Xi-20 Preview: G-Force

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Submitted by Michael Every of Rabobank

One of my favourite cartoons as a kid was ‘Battle of the Planets’, where the super-teenagers from G-Force would ‘transmute’ into heroes to save Earth from the spectacular evil techno-animal forces of Spectra. I didn’t know it back then, but while it sounded very American it was actually a very Japanese production. Forty years later, today and tomorrow the whole world will be watching the G-Force at work in Japan and wondering if it will “Five acting as one”…or instead a ‘Battle of the Planet’.

Indeed, there isn’t much more to say than that. Markets are all going to be held hostage to a series of crucial meetings between world leaders to deal with the global economy, Iran, and US-China trade tensions (if that is what we are still referring to them as). As a sub-set we have tensions between the US and Japan; and the US and India; and the US and the EU; and basically the US and everyone. If only we had Spectra to unite us as a common foe! Or perhaps we do in the form of climate change and plastic pollution: isn’t that the real ‘Battle of the Planet’?

In terms of the US and China, the market is still hoping for the best, yet our base-case scenario is for a can-kicking exercise at best. Beijing is apparently still insisting that Huawei is part of any trade agreement, which looks highly unlikely given the mood of Congress in the US, and that US tariffs are removed, and that Chinese purchases of US goods are “realistic” – which given the economy is underperforming does not suggest means a large increase. Worse, even Larry Kudlow came out to say that the US might instead raise tariffs further. When you’ve lost Kudlow…

As such, probably the most optimistic outcome this weekend is a renewal of trade talks based on those starting positions – which at least delays the hike in tariffs, even if it solves nothing longer term. Indeed, consider that the New York Times today has an article titled “US vs. China: A New Era of Great Power Competition, but Without Boundaries.” Indeed. We have been talking about Great Power struggles for over a year and trying to draw the conclusions from past episodes – and all of them point to trading and investing in your opponent as a fast-forward route to defeat. Not that autarchy or mercantilism automatically mean victory, but running large trade deficits with ‘the other side’ is very poor long-term strategy, or so both logic and the actual heuristic run.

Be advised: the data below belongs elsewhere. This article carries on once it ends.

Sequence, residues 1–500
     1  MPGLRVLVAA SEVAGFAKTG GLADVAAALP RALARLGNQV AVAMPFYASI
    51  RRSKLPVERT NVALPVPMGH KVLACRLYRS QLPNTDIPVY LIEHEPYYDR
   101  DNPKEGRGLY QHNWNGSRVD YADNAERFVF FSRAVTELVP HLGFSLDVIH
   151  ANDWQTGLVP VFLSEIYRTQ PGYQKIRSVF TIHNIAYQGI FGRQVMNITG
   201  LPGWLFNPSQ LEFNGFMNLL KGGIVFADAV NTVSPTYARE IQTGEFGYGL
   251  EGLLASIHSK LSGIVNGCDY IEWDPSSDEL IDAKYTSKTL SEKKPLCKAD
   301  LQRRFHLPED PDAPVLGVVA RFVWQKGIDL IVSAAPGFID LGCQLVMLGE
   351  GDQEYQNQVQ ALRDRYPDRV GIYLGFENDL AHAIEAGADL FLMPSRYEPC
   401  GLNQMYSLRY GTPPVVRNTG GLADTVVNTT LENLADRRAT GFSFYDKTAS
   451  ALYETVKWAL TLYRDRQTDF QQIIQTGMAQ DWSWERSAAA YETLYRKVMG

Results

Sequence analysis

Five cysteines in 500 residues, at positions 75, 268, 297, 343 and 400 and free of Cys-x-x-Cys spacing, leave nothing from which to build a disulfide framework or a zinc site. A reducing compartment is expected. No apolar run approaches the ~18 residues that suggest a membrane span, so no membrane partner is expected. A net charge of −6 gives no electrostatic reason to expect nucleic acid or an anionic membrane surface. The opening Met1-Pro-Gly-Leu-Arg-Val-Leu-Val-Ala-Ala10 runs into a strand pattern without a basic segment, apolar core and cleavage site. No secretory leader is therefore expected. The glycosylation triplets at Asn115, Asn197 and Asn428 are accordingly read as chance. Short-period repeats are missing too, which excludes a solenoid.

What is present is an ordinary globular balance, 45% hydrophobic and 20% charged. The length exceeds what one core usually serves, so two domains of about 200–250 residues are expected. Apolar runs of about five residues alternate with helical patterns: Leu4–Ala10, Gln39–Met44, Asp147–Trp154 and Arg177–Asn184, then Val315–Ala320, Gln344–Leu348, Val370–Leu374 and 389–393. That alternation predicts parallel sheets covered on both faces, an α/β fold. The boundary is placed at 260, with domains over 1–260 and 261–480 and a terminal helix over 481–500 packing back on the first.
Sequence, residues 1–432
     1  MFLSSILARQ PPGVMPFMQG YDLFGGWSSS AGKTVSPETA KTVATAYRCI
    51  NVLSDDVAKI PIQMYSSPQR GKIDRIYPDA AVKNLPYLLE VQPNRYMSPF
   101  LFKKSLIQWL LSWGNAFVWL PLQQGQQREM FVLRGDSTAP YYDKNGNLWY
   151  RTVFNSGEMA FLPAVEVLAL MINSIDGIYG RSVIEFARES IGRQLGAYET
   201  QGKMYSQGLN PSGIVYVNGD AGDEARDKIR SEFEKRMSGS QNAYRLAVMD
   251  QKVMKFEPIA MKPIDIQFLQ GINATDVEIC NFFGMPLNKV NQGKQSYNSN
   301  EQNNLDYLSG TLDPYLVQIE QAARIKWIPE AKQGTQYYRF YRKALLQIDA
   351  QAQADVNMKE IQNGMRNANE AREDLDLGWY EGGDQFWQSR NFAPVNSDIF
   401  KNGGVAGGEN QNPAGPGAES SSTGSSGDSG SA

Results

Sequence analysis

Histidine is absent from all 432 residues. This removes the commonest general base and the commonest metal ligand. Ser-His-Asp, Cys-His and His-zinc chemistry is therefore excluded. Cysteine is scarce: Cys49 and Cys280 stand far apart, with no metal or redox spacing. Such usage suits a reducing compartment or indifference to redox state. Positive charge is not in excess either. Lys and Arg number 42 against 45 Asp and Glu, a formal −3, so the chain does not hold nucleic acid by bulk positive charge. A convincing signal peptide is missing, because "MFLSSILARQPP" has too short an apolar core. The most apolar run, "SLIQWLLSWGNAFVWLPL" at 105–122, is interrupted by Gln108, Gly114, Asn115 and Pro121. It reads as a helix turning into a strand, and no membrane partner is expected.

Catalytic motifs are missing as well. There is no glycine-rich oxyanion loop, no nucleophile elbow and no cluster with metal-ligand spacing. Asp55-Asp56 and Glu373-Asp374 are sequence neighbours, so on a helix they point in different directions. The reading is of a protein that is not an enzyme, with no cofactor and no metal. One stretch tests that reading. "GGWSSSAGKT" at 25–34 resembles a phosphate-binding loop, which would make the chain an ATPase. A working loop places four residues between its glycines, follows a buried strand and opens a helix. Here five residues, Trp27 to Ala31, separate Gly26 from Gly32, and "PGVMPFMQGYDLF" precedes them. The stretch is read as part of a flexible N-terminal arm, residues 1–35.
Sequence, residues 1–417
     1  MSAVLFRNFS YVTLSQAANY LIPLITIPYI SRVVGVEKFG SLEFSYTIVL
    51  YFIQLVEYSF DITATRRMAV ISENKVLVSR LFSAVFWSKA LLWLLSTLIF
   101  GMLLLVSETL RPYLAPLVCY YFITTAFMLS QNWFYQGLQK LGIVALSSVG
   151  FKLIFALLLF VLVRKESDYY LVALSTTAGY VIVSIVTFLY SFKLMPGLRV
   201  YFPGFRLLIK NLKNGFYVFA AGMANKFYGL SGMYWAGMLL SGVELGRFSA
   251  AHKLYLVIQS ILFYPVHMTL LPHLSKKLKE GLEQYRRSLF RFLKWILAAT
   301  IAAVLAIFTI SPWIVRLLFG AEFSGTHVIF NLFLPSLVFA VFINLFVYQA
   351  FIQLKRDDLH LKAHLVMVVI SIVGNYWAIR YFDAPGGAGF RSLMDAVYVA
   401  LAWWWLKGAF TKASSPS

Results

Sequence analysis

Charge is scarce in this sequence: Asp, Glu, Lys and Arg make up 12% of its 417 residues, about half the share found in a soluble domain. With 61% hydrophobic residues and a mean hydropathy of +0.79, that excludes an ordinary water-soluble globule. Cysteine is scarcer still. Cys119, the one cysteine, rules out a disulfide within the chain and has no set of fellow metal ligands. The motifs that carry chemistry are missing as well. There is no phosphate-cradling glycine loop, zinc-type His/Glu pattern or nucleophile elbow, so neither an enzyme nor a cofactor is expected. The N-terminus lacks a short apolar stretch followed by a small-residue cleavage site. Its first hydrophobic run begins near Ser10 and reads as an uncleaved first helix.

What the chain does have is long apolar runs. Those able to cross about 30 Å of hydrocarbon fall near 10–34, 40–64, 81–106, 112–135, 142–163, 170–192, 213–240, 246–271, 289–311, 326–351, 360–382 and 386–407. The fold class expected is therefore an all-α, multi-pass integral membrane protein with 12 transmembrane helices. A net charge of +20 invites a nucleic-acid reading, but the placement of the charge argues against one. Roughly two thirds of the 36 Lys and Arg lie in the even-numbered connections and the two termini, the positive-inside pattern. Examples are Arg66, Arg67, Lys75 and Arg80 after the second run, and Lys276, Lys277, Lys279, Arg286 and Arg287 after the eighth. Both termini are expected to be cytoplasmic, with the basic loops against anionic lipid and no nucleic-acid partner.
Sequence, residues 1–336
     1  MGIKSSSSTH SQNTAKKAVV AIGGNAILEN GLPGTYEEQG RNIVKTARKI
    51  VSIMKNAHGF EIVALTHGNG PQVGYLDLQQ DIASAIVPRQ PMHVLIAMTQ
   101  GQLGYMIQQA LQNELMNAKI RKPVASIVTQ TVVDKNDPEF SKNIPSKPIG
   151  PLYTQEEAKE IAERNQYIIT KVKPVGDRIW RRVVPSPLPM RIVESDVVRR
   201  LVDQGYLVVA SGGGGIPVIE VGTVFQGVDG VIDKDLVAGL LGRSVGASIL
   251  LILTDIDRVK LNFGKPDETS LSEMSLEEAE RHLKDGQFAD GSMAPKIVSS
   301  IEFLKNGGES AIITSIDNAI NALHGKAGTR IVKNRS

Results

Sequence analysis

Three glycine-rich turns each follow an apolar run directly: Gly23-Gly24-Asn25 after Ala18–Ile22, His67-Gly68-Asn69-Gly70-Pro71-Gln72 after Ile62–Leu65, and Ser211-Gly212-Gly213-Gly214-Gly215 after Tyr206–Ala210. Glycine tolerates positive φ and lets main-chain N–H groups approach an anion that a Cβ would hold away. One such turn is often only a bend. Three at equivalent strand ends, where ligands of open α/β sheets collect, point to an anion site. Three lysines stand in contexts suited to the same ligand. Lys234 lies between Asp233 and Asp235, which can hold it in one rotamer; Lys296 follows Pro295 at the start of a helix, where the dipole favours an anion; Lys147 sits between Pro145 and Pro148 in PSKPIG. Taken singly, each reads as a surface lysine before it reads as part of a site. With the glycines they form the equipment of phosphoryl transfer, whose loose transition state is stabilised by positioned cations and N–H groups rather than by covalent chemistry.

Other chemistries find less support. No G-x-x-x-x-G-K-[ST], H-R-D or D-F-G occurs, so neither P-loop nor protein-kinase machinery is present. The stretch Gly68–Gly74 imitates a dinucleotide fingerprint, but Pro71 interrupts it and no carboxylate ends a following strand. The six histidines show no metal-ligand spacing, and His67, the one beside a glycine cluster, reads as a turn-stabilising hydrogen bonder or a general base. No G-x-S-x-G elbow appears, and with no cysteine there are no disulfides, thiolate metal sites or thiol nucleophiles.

Meanwhile, with so many pieces all in play in the UK we have the “Tory-graph” arguing that a PM Boris would be able to persuade Germany he is serious about severing ties with the EU if they won’t budge, de facto making the UK the 51st US state, and leaving Europe with less scale and adrift geopolitically, vulnerable to the predations of China and the US.  That, they argue, might be the existential angst required for a Brexit deal to be done on the UK’s terms rather than Hard alternative. Of course, if that view is wrong then it’s the UK (and the EU?) who are going to be on the wrong end of geopolitics and geo-economics. Certainly, many reading the opinion piece will see their hair stand up like Boris (or 7-Zark-7’s antennae, for those who recall).

Within the US itself the second Democratic party presidential nominee debate is getting underway. There was no clear winner from the first round of 10, according to pundits, though Tulsi Gabbard saw searches for her name soar country-wide, and several–though by no means all–of the candidates named “China” as the largest geopolitical threat the US faces.

Within the US itself the second Democratic party presidential nominee debate is getting underway. There was no clear winner from the first round of 10, according to pundits, though Tulsi Gabbard saw searches for her name soar country-wide, and several–though by no means all–of the candidates named “China” as the largest geopolitical threat the US faces.

So what of the next set of 10 candidates so far? One sci-fi fan on Twitter noted he’d vote for the first candidate who answers a question in Klingon: well, we already got a USD27 trillion spending plan from Bernie Saunders, which to some voters will sound like just what the US needs, and to others like pure science-fiction. Andrew Yang, has repeated a line I have heard so very often: that US blue-collar job losses are all to do with automation, not China. In which case, as someone has just asked him on Twitter, why are all the robots choosing to live in China and not the US?

Another candidate, Andrew Yang, has repeated a line I have heard so very often: that US blue-collar job losses are all to do with automation, not China. In which case, as someone has just asked him on Twitter, why are all the robots choosing to live in China and not the US?

At this point publication deadlines mean we have to leave our live coverage, but the trend is clear – Trumpian consensus-busting populism is alive and kicking at both ends of the political spectrum.

Original source: http://feedproxy.google.com/~r/zerohedge/feed/~3/o2mJNki7nEs/xi-20-preview-g-force

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